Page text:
Every summer, we spend two weeks with my in-laws. Every summer, we have a good time. But every summer, I’m very, very, very glad to get home by the end of it all. So are the other kids (not the grandkids; the grandkids cry every time we leave). Because the family sleepovers — well, the family sleepovers are a lot to take in.
Let’s start here: we’re truly grateful for them. Really. My father-in-law pays for everything, and these family sleepovers aren’t the type of vacation we could ever afford otherwise. So it’s very kind of him to invite us, very kind of him to include us, and a really important experience for our children. They look forward to them every single year. They ask us all year: when are we going? Is it soon? Will our cousins be there? Which cousins? When? For how long? The family sleepovers are one of the biggest highlights of their year.
But, well … the house has four bedrooms. The bedrooms are small. Into these four bedrooms we cram my children’s grandparents, my family of five, and my brother-in-law’s family of four. That’s a hell of a lot of people for family sleepovers. My sister-in-law usually shows up at some point and overlaps. She doesn’t stay in the house until someone else vacates, but she’s over with her brood of five during the day. Sixteen people. No one hangs out in the bedrooms, so we’re left with a living area … and eight kids ranging from preteen to age 2. Doesn’t help that three of them have ADHD, and another three speak at a volume usually reserved for those who have just exited a Metallica concert.
Family sleepovers usually mean a lot of people in a space meant for much fewer people. Everyone’s on top of one another, stumbling over each other for coffee in the morning, trying not to wake each other up, trying to make sure they don’t keep people up at night, assuring they aren’t offending people by what’s on TV.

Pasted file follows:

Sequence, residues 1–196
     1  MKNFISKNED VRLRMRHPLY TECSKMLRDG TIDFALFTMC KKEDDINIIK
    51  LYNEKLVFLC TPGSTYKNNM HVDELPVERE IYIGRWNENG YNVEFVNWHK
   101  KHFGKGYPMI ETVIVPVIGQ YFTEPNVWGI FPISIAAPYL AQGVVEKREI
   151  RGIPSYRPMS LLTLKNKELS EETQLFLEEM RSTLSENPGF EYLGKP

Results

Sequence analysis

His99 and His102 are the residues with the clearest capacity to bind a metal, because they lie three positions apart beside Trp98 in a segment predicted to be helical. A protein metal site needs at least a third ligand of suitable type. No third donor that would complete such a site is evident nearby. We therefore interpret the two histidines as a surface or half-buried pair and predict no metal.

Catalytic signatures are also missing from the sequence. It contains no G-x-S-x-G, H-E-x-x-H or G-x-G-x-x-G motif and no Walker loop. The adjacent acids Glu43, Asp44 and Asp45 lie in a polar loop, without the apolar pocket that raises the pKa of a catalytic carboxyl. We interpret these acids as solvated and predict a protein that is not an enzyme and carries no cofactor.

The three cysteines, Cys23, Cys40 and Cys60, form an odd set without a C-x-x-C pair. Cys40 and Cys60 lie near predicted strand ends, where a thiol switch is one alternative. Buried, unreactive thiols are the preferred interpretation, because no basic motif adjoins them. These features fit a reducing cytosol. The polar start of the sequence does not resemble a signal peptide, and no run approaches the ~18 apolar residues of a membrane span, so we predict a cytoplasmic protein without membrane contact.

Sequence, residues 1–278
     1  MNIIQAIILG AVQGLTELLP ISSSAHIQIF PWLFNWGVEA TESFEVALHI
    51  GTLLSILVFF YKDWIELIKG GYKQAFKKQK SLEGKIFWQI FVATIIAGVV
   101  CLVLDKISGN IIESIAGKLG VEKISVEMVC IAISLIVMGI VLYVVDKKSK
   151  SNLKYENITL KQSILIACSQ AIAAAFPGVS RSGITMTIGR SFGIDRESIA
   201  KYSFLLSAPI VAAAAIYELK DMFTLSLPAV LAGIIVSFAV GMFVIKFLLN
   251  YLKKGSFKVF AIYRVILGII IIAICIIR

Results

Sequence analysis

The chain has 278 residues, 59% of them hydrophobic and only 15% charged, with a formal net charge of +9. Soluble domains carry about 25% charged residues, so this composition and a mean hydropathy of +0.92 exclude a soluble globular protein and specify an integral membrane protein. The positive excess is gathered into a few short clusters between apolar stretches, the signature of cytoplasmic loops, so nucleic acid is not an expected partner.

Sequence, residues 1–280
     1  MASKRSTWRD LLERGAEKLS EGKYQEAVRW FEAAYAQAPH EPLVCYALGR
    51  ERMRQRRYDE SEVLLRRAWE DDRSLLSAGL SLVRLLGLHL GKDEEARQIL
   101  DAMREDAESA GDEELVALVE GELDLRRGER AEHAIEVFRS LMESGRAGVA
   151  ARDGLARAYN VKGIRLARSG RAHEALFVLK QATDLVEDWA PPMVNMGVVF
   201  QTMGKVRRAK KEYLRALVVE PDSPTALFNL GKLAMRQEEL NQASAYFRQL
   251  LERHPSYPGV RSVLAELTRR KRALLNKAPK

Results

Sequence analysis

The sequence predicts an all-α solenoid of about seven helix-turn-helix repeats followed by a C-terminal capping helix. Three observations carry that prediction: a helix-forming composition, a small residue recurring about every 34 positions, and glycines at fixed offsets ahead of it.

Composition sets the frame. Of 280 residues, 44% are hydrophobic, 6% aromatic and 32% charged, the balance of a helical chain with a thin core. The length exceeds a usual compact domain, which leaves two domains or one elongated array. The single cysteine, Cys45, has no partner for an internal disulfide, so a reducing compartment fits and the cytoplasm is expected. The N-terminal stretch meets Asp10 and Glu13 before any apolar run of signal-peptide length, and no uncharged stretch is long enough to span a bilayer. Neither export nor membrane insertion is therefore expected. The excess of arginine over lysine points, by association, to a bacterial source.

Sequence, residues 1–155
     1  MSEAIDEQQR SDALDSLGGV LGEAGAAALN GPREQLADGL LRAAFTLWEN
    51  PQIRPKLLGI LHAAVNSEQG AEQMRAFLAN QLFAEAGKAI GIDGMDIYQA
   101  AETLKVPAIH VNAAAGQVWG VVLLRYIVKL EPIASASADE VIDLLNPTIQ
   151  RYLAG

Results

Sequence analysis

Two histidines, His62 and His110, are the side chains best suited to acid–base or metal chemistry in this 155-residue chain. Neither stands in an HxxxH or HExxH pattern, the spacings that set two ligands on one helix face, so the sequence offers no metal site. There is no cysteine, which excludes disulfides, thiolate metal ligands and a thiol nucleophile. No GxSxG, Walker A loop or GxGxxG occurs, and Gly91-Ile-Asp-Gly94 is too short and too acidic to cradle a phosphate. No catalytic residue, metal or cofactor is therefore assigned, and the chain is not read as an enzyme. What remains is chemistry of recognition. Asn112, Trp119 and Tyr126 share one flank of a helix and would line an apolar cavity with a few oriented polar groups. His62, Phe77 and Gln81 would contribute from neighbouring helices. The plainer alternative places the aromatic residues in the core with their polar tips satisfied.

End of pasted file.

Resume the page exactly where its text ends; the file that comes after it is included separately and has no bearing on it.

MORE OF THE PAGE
In our house, the kids inevitably annoy each other; there’s nowhere to play unless we go to the beach, and you can only stay at the beach for so long, in between riptides and high temperatures and storms and all the beachy things that prevent the beach from being beachy. So people yell at the kids. Then other people yell at the people who yelled at the kids. I retreat to the bedroom to get away from all the noise so I don’t have a panic attack.
That’s another problem: how do you discipline your kids? Because it’s guaranteed your family does it differently, and you’re going to clash over it sometime. It’ll be icky and ugly no matter how nice you try to be about it.
Family sleepovers make for a great time to catch up. Except when you have things you don’t really necessarily want to catch up on.
This year, I was thrilled to see my sister- and brother-in-law. We hung out. We talked. We watched TV. I told them about what was going on in my actual life, and they told me about what was going on in theirs. We talked kids and jobs and everything. Pretty awesome.
But then, with family sleepovers, the stuff you can hide on shorter visits comes out … like your new tattoos. You can’t hide those suckers for two whole weeks. Or maybe you smoke pot for pain relief (totally legal!) but you know your family will disapprove. For that length of time, too, eventually, awkward conversations about your life decisions will come up. You know, those life decisions your family doesn’t approve of. Maybe it’s the way you educate your kids, or the sports they play or don’t play, or where you choose to live or the job you have. It’s something. And in that amount of time, it will rise to the surface.
But the kids are always glad to see everyone. That’s what makes family sleepovers worth it: the kids. The kid don’t get any of the tension, so they’re happy to see Mom-Mom and Poppy, who shower them with presents; they’re glad to see aunts and uncles, who hug them, no matter how much they annoy they hell out of you. They love their cousins.
Well, most of them anyway.
Because — and this is the problem with family sleepovers — there may be some cousins who are more like frenemies, especially if they live far away. And you may need to mediate.
And it sucks, because everyone knows they hate each other, and everyone knows they don’t get along, and everyone sort of wants to blame it on one kid or another and you really hope it’s not your kid.
But in the end, you have a good time at family sleepovers. You get to see people you love (mostly), talk about things you all care about (mostly) and everyone makes an effort to assure people have a good time (mostly). You may be sleeping in close quarters and trying really, really hard not to annoy people, but it’s probably character-building or something.
Anyway, these are the people you have to live with for the rest of your life.
So you might as well learn to like it.